Bravo and the Burberry team decided to create different Burberry lines for different target markets. Burberry London served as the core label. The Thomas Burberry line appealed to the younger, more fashion conscious consumers of Spain and Portugal. Burberry Blue and Black labels were designed for the young men and women of Japan. Prorsum was the private jet of the Burberry fleet. It was showcased on the runways of Milan, London and New York. Prorsum was not your everyday collection of clothing. It was extremely luxurious and was released more to make a statement about the brand than anything else. The Prorsum introduction was Burberry’s way of communicating the idea that Burberry was a brand with the stature to appear on runways alongside the fashion greats. It was a way of telling people that something very special was happening at Burberry. [iv]” By 2003 Bravo had achieved her goals. Burberry had not only become popular among a younger demographic, it had become positively hip. The company had gone from a consumer base of British soldiers to a base of hip hop moguls and pop icons such as Madonna. 3.
Bravo and her associates were able to develop a series of marketing strategies to create a “unique value proposition” and address sub brands, licenses, advertising, retailing issues, and the company’s status among consumers. What did they do? Bravo’s goal was to transform Burberry from a tired outerwear manufacturer into a luxury lifestyle brand that was aspirational, stylish, and innovative. The first thing she did was bring in a new management team. She hired the best of the best. She hired people with great retail experience and a tremendous understanding of price points and gaps.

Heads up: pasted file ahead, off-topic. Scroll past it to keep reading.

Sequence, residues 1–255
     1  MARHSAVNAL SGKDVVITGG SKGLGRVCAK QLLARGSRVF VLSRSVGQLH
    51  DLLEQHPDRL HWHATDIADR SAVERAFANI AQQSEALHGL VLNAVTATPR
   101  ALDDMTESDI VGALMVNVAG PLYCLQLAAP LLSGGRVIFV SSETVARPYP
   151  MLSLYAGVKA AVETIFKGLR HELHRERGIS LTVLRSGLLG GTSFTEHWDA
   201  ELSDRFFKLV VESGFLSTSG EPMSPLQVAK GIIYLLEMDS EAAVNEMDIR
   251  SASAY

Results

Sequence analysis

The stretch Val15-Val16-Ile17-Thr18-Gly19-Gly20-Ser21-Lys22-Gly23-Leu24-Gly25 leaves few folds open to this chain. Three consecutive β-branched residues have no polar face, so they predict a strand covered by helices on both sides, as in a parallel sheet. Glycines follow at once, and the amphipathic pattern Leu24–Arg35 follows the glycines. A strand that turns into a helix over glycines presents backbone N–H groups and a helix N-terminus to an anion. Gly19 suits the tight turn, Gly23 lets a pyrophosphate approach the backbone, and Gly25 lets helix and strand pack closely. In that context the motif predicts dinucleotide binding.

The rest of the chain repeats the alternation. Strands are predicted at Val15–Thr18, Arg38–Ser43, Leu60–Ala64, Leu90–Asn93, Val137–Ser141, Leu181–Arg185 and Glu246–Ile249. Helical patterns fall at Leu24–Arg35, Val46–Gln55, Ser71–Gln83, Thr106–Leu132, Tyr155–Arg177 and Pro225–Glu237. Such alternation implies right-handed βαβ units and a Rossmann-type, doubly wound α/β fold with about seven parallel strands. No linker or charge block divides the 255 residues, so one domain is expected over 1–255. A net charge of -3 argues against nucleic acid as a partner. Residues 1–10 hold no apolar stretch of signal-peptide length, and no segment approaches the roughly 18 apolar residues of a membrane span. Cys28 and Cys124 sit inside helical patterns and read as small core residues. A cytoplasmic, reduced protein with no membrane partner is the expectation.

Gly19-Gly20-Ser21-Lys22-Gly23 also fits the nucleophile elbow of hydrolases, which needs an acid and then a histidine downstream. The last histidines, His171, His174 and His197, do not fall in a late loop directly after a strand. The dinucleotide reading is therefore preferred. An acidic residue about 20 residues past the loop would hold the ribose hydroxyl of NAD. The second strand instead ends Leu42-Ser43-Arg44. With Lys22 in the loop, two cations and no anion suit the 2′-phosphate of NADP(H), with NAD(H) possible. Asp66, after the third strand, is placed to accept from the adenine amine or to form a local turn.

Step two was to reposition the brand to attract younger customers while retaining Burberry’s core customer base. A decision was made to position Burberry between Ralph Lauren and Armani and between Coach and Gucci in accessories. Burberry was to be positioned in the realm of being both “accessibly luxurious” and “aspirationally functional. [v]” Step three was to update the product line. Outdated designs were eliminated. The design team worked on creating a consistent look and feel across all products. New products such as bandanas, miniskirts and spike heeled boots were created.
Burberry simplified its offering into three primary collections: Womenswear, Menswear and Accessories. Step four was to address and reign in the various licensing agreements that existed with the various Burberry products. With non-licensed products, Burberry exercised control over everything from design to sourcing, manufacturing and distribution. Bravo and her team reined in many of the older licensing agreements to curb inconsistencies in price, design, and quality across markets. The company also assumed tighter control over distribution, ending some relationships and expanding others.